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Bishop Venuste Mutiganda audivia2002 at yahoo.fr
Lun 15 Mar 10:59:26 GMT 2010

Monday, 15th March 2010

CPA Secretary General shocked by Murambi memorial site 

Dr.William Shija laying a wreath on grave at Murambi genocide memorial site in Nyamagabe district. (Photo/ J. Bucyensenge)

By Jean-Pierre Bucyensenge

NYAMAGABE - The Secretary-General of the Commonwealth Parliamentary Association (CPA), Dr William F. Shija, on Saturday visited Murambi genocide memorial site in Nyamagabe district, to pay tribute to victims of the 1994 Genocide against the Tutsi. 
Together with his executive assistant and the Commonwealth Secretary for Africa Region, Shija, was joined by the Rwandan Deputy Speaker of Parliament, Jean-Damascene Ntawukuriryayo, Senator Seth Safari and local leaders in Nyamagabe district. 
The delegation toured different parts of the memorial site and local leaders explained to them how the many lives perished during the Genocide.  
The Mayor of Nyamagabe district, Alphonse Munyentwari told the delegation that the Genocide occurred because of the planning by the authorities at the time. 
“We had identity cards with ethnic groups and surprisingly, we know that we have no ethnics in Rwanda; Hutu and Tutsi were like economic classes and one would easily move from one category to another,” Munyentwari told the delegation. 
“I remember when we entered school for the first time, the first thing we were asked was our ethnic groups; whether we were Hutu or Tutsi.” 
The Mayor narrated how the Tutsi were hunted from the first republic in 1959 until they were massively butchered in 1994. 
After touring the memorial site, Dr. Shija expressed sorrow for what happened in Rwanda, referring to it as unthinkable and unbelievable. 
“I and my colleagues wish to express our very sorry feelings about what happened in 1994. What happened is not a scar for Rwanda only but for the whole of Africa,” he said.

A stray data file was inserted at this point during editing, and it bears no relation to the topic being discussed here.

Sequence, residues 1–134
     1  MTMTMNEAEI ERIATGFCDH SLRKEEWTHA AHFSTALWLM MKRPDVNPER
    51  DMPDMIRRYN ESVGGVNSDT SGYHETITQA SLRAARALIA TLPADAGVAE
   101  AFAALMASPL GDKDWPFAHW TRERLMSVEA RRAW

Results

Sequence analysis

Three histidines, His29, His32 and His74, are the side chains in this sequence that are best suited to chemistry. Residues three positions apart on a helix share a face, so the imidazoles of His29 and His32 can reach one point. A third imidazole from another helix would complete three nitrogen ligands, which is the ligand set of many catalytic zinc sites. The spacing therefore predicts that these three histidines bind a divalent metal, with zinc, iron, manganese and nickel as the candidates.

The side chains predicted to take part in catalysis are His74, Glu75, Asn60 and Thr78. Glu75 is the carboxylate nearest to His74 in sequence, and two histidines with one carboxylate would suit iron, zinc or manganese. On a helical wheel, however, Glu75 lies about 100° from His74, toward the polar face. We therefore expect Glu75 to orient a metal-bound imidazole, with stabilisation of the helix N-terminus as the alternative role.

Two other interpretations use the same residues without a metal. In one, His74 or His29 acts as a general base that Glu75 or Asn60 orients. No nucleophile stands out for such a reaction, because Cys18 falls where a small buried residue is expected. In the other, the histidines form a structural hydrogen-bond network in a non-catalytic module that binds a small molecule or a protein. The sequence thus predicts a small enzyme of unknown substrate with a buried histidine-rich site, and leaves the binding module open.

Dr Shija, a Tanzanian, also spoke in Swahili, advising Rwandans to keep fostering their unity, in order to build a better future. 
He urged Rwandans and Africans in general to go beyond small differences and build a unified continent. 
“Poleni sana. Now we as Africans have to move into the new and painless Africa we deserve,” he wrote in the guests’ book. 
He said that what happened in Rwanda should serve as a lesson for the whole continent. 
“Africa went through many tribulations. The pain is enough,” Dr Shija said. “Let us stop causing pain to our continent, it is enough.” 
The Deputy Speaker of Parliament, Ntawukuriryayo asked the visitors to tell the world the real truth about the genocide.
“We request you to be our ambassador and tell the truth you saw to those who still deny the existence of the genocide against Tutsi,” he said. 
50 000 Tutsi who sought refuge at Murambi during the genocide were butchered by Interahamwe militias in no more than three days.  Later, Dr Shija and his delegation visited community development initiatives in Nzega cell, Gasaka sector in Nyamagabe district. 
They visited a 112 hectares consolidated lands where residents grow coffee as part of the ‘One village, One product” program, an initiative by the district local authorities aimed at raising residents’ production. 
The plantation was selected by the government as a pilot that should be applied in the whole nation, local leaders revealed.

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